University of Chicago Professor Emeritus Marvin Zonis had harsh words for this year’s slate of presidential candidates, including the incumbent, as he touched on the geo-political and economic hot spots for 2012.
“It’s a disgrace that these are the choices we have,” Zonis said, blasting both President Barack Obama as well as the Republicans vying to be the president’s opponent in the general election.
Zonis made that comment in a speech on geo-political risks at this year’s IMCA New York Consultants Conference, which had 850 attendees. “The essence of 2012,” Zonis said, is “lots of political instability one way or another.” He pointed to 11 nations that will be electing new presidents this year—a group of countries that represents 50.2% of the world’s gross domestic product by purchasing power parity per capita.
Meanwhile, two other global strategists who spoke following Zonis, focused more on the United States, saying that another recession in the near term seems unlikely.
Zonis called President Obama’s economic numbers “staggeringly” bad numbers that would normally hurt an incumbent’s election chances—ranging from high unemployment, a rising poverty rate, increased inflation and a bigger deficit and gas prices that have gone up. But the Republican choices don’t appear to offering a better alternative. He mentioned Mitt Romney and called Rick Santorum “the defeated senator from Pennsylvania.” Of former Republican House Speaker Newt Gingrich, Zonis said: “we have Newt who ran in South Carolina against the Washington elites. I’ve never met anyone who was more of a Washington elite.”
Zonis called for Washington politicians to cut entitlement programs.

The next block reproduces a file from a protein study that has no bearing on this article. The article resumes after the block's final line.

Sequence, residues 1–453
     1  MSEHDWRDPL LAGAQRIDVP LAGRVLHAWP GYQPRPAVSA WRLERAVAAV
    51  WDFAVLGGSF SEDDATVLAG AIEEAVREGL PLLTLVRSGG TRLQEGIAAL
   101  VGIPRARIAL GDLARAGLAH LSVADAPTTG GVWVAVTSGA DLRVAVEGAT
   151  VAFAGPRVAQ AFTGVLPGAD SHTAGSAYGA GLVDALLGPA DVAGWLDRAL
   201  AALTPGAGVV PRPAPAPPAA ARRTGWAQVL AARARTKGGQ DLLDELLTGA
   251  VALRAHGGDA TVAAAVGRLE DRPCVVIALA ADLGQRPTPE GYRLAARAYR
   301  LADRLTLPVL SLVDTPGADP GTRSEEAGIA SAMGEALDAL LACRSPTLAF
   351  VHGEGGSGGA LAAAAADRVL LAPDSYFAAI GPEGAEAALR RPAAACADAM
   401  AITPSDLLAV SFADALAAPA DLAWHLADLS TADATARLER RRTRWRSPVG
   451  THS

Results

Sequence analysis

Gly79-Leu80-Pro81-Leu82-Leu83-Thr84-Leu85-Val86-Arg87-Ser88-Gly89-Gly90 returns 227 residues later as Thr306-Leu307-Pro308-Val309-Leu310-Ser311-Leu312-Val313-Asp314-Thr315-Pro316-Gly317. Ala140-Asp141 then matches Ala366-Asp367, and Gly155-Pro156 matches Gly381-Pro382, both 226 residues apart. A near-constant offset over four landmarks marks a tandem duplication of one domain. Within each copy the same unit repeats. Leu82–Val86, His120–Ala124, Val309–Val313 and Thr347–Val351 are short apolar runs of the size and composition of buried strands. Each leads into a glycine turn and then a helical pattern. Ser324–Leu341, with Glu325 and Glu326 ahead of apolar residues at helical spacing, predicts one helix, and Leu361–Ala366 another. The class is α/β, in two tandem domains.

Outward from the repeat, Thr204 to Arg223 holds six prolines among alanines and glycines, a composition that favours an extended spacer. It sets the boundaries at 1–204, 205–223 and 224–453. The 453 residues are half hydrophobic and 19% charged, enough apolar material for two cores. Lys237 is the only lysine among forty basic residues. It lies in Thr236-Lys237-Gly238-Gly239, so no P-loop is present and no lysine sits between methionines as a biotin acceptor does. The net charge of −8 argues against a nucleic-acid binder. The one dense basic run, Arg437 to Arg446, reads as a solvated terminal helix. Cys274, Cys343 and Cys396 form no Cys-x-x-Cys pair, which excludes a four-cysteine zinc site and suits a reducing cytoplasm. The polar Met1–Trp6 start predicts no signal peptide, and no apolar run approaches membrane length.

As for the rest of the world, Zonis said, China will become stuck in a middle-income track. And the Eurozone, he said, is “over as we know it. Greece will drop out.” But the result, he said, will be a stronger euro against the dollar.
But the United States has short-term problems that can only be solved with real leadership, Zonis said, pointing to what he called “the real unemployment rate” of more than 19%. The American public, suffering under economic contraction, is angry, fearful, anxious and mistrustful to the point that there is “a wave of rage in the U.S. that is unprecedented in my lifetime.” All that will lead to political instability, he said, pointing to a contentious election in the fall.
Another area with lots of instability will be the continuing maelstrom in the Middle East. “Civil is rapidly coming to Syria,” Zonis said, calling Syrian President Bashar al-Assad a “son-of-a-bitch.” Meanwhile, Egypt and the rest of the Middle East will become more dominated by Islamists but there may be less terrorism as the populations of those countries become more comfortable expressing their religious orthodoxy
As for Iran, he said, “my own view is that [it] will not develop a nuclear weapon” because there will be too many repercussions from the international community.
Russia “will be fine economically” even if Vladimir Putin is reelected but Zonis noted that $83 billion in capital fled the country last year.
Zonis wasn’t all doom and gloom. He believes the U.S. will see “some fairly robust growth” in three to five years and that technological advancements will drive the economy as well. The U.S. is spending more than $450 billion in research and development, he said. Plus, the lower 48 states will invest in developing shale as a cheaper source of energy and dramatically diminish the amount of oil the U.S. imports.
Zonis also said that several Asian and African nations such as Bangladesh and even Angola are on the rise. And in Latin America, he said that Mexico “will get on top of its drug problem” and that it is seeing its population growth stabilize.
In the session following the remarks by Zonis, Milton Ezrati, a partner at Lord Abbett & Co., and Jonathan Golub, a managing director and U.S. equities strategist at UBS, offered their outlook.
“We are, in many respects, in the same boat as last year," said Ezrati, who sees some opportunities along with the risks. But he doesn’t see a recession in the U.S. “In 2010 and 2011, we had double-dip scares,” he said. “The double-dip guys are 0 for 2.”
More important, Ezrati believes the housing market, while not great, is showing some signs of stability.
Golub believes the big question is about “readjusting expectations.”
Frances A. McMorris writes for On Wall Street.